Sunday Matinee: King Solomon’s Mines

King Solomons MinesOne of my favourite adventure novels is H. Rider Haggard’s classic story King Solomon’s Mines. Written in 1885, it pretty much kick-started the lost world adventure genre. The story has been made into a film about six times and Hollywood’s interpretation of the novel only gets worse with each new adaptation.

The first adaptation was in 1937. It greatly changed the novel by adding a white female character. In the original novel the only female character was a village native who forms an interracial romance with one of the supporting characters. She has never been included in any of the movie adaptations, instead a new white female character has been continuously added to the story, usually as a love interest to Quatermain.

Kathy O’Brien (Anna Lee) and her father cross paths with Allan Quatermain (Cedric Hardwicke). They persuade him to take them to the coast. Along the way they come across an injured Umbopa (Paul Robeson). Umbopa’s critically injured friend has a map to the fabled lost diamond mine and O’Brien’s father tgrabs the map and takes off looking for it. Quatermain, O’Brien, Umbopa and two of Quatermain’s friends end up chasing after O’Brien’s father and discover a lost village that the legendary lost mines are located at. The lost village is ruled by an evil king who usurped the throne and Umbopa it turns out is the rightful ruler.

The 1937 film has African American actor Paul Robeson as the top billed actor and Cedric Hardwicke as Quatermain comes in at second. This follows the original story as Quatermain, while the narrator of the novel, isn’t the hero of the story. The 1950 remake changes this. The character Umbopa takes a backseat to Stewart Granger’s Quatermain. Deborah Kerr is top billed in this version as another new female character, this time as a woman looking for her husband who went missing looking for the lost mines. Along the way Quatermain and Kerr fall in love. The 1950 version was nominated for Best Picture and won Oscars for best cinematography and editing.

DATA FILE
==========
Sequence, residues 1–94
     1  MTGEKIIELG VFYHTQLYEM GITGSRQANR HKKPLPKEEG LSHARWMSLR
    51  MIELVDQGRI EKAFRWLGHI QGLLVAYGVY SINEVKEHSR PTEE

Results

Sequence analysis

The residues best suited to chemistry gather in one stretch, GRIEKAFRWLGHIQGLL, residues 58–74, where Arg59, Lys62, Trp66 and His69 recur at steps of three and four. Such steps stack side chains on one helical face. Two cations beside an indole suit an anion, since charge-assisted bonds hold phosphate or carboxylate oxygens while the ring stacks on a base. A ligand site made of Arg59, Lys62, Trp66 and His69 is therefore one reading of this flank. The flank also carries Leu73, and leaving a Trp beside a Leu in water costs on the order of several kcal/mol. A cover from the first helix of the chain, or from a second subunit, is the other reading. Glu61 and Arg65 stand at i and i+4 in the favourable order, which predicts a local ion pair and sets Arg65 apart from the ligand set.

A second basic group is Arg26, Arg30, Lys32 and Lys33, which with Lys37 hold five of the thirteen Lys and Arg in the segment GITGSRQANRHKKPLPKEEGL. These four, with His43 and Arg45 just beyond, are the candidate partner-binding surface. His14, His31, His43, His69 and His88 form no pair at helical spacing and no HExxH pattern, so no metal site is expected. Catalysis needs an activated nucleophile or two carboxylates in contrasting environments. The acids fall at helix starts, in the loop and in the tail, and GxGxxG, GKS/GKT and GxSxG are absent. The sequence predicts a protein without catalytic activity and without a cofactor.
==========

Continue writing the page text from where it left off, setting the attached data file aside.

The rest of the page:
After the 1950 version there was a crappy 1959 sequel Watusi featuring Quatermain’s son as the lead. In 1979 there was a bad Canadian / British remake and in 1985 a really bad version starring Richard Chamberlain that tried to cash in off of the popularity of Indiana Jones. It had a really bad sequel. Quatermain (played by Sean Connery) was the lead character in Fox’s crappy adaptation of Alan Moore’s The League of Extraordinary Gentlemen. In 2004 there was a bad TV adaptation starring Patrick Swayze and in 2008 Asylum Studios pumped out a really crappy version called Allan Quatermain and the Temple of Skulls in an attempt to capitalize on the recent return of Indiana Jones.

The first couple of versions are easily the best of the adaptations. I believe the still could be an awesome movie made from the story but it isn’t going to be happening anytime soon.

Author: Shane Hnetka

Shane Hnetka has spent most of his life watching movies and reading comic books. He has decided to use this vast knowledge for evil instead of good.